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Back Surgery

January 22, 2012

Filed under: life — Terry Wohlers @ 19:58

Two years ago, a disc in my lower back ruptured. The disc tissue put pressure on the sciatic nerve, which caused significant discomfort. The pain started in the lower back and worked its way to my left hip, then to my left quadricep, and eventually down to my lower leg and foot. At times, it was very difficult to get in and out of automobiles or put on clothing, especially socks and shoes. I had heard many stories of unsuccessful back surgeries, so I considered nearly everything possible to avoid it. I tried chiropractic treatment, massage therapy, physical therapy, a muscle activation technique, stretching, and walking. I even tried several sessions of quantum energetics, a therapy that is said to trigger the body’s natural healing ability. Over a period of months, the pain disappeared and I regained strength in my leg.

In mid-December, after returning from a trip to Washington, DC, I felt a familiar discomfort, but this time on my right side. I soon knew that it was a disc rupture, although I later found out that it was a different disc. It was my belief that stretching and walking were the most effective two years ago, so that’s what I began immediately. Some days, it would feel better, so then I would try running or going to the gym for strength training. Both aggravated the problem further and were probably a mistake. I continued the stretching and walking routine, but it progressively got worse. By the middle part of last week, I hadn’t sat down for more than a total of 10 minutes over a span of 10 days because it was so uncomfortable. I purchased an excellent sit-stand workstation product from Ergotron, which I recommend highly to those who want to stand and sit at work. Within 2 seconds, your monitor, keyboard, mouse, and a work platform can be in either position.

While tying a shoe last Wednesday, excruciating pain shot through my lower back, hip, and leg. It was the most discomfort I had ever experienced, and it lasted what seemed like an eternity. My wife was nearby and tried to help, but there was little she could do. I took some Vicodin, which helped a little, and then made arrangements to see the neurosurgeon I saw two years earlier. The trips to and from his office were horrible. I took some Valium and steroids that he gave me while I was in his office, yet I still couldn’t put any weight on my right side. The pain was just too intense. After taking even more Valium, I eventually made it to the parking lot and car with assistance from my wife. Later that day, I had an MRI that showed the location and severity of the disc rupture. Surgery would reduce the possibility of permanent nerve damage and provide relief from the pain.

The next day wasn’t much better, even with all the pain medicine, so I felt I had little choice but to have surgery. We were able to schedule the procedure, called a lumbar laminectomy, for Friday. I was in the operating room for about an hour and at home walking three hours later. The doctor instructed me to walk 1 mile (1.6 km) that day, 2 miles yesterday, and 3 miles today. All of the pain is gone, except for the area of the incision. My leg is weak and part of the shin is still numb, but I should be able to snow ski again in about one month. Surgery was my last choice, but I’m glad I had it done. I can now sit, walk, and sleep again and I feel very good.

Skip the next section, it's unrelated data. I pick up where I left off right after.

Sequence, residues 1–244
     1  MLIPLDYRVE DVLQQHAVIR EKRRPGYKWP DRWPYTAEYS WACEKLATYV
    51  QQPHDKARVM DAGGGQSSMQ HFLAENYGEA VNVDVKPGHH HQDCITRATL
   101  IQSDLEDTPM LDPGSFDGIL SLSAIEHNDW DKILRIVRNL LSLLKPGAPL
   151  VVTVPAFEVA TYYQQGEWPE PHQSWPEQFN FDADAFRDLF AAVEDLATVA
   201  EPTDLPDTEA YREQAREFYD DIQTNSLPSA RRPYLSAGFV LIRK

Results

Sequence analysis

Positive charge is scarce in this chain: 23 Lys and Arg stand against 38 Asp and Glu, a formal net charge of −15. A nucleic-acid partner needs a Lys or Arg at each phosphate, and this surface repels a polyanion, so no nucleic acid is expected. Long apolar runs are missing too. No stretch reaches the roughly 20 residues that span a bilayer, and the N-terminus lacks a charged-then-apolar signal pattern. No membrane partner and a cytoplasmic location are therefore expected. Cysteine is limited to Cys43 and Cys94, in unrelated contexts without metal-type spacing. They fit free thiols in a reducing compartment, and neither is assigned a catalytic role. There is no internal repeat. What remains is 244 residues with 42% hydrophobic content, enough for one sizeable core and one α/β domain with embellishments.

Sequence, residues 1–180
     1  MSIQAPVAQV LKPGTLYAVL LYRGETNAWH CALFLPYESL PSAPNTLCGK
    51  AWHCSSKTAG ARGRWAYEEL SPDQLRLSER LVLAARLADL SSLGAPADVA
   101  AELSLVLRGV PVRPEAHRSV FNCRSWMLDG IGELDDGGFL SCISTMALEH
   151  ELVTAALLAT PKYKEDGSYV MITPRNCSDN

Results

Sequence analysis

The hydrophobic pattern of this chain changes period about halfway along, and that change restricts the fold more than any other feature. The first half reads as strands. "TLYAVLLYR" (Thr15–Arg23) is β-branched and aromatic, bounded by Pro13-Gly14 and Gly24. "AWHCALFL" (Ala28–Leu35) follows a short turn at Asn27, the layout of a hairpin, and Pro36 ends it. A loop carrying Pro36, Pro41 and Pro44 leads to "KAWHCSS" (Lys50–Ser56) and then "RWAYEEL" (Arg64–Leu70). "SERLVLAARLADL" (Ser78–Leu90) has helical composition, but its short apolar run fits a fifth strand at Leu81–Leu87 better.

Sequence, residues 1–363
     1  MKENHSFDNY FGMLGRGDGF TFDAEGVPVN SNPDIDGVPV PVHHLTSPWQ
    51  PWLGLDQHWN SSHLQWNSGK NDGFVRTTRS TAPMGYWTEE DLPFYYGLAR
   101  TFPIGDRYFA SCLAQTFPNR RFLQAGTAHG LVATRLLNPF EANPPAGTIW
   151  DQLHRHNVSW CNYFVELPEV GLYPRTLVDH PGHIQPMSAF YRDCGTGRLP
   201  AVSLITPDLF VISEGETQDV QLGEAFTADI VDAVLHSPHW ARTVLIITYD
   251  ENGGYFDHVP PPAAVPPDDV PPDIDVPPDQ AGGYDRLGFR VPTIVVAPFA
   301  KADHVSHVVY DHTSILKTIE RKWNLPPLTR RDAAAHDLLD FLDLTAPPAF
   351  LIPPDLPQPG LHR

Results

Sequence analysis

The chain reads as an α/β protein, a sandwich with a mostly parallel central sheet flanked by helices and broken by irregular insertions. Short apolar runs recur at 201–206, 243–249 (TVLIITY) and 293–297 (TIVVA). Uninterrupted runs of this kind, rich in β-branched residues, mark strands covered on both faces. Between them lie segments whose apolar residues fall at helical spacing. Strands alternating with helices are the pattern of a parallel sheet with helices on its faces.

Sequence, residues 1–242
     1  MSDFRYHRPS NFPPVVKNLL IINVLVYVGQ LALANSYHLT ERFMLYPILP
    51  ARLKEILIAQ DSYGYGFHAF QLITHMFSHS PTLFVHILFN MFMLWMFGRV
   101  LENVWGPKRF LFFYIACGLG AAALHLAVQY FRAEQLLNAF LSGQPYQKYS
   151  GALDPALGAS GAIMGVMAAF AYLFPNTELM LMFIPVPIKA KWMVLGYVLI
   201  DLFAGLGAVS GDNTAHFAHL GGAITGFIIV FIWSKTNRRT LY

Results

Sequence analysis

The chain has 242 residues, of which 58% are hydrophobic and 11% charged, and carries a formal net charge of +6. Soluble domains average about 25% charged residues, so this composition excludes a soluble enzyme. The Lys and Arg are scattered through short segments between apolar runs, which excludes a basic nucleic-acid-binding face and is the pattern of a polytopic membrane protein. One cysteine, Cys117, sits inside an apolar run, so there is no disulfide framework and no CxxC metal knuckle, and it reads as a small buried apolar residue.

Additive Manufacturing Consortium

January 8, 2012

Filed under: 3D printing,additive manufacturing,manufacturing — Terry Wohlers @ 06:39

There’s a reasonable chance that you have not yet heard about the Additive Manufacturing Consortium (AMC), which was launched in 2010 by EWI in Columbus, Ohio. EWI is a 140-employee, non-profit organization that develops and commercializes advanced manufacturing solutions, especially materials joining technology. Tim Caffrey, associate consultant at Wohlers Associates, and I visited EWI in November 2011 and we were very impressed by the people, equipment, and organization. EWI is launching Fabrisonic LLC, a joint venture between Solidica and EWI aimed at commercializing ultrasonic additive manufacturing (UAM) technology.

It was in Columbus that we learned more about the AMC. According to Dr. Ian Harris, AMC director and EWI technology leader, the consortium was developed in response to a need for collaboration, including design allowable data. The focus of the AMC is to advance the manufacturing readiness of AM technologies and to generate precompetitive data to benefit its members. The AMC was largely inspired by the Roadmap for Additive Manufacturing, a document developed in 2009 with participation from 65 experts in academia, industry, and government. Wohlers Associates enjoyed playing an active role in this national effort. One of the goals of the AMC is to organize a National Test Bed Center that includes extensive equipment and staff resource capabilities, which was one of the roadmap recommendations.

The AMC currently consists of 28 partners from the U.S. government, private sector, and research. Among them are the Air Force, Army, Boeing, GE, General Dynamics, Goodrich, Honeywell, Lockheed Martin, NASA, and Northrop Grumman. Wohlers Associates is the newest partner of the Additive Manufacturing Consortium. We are excited about the opportunity of helping the AMC achieve its goals and advance AM to a new level.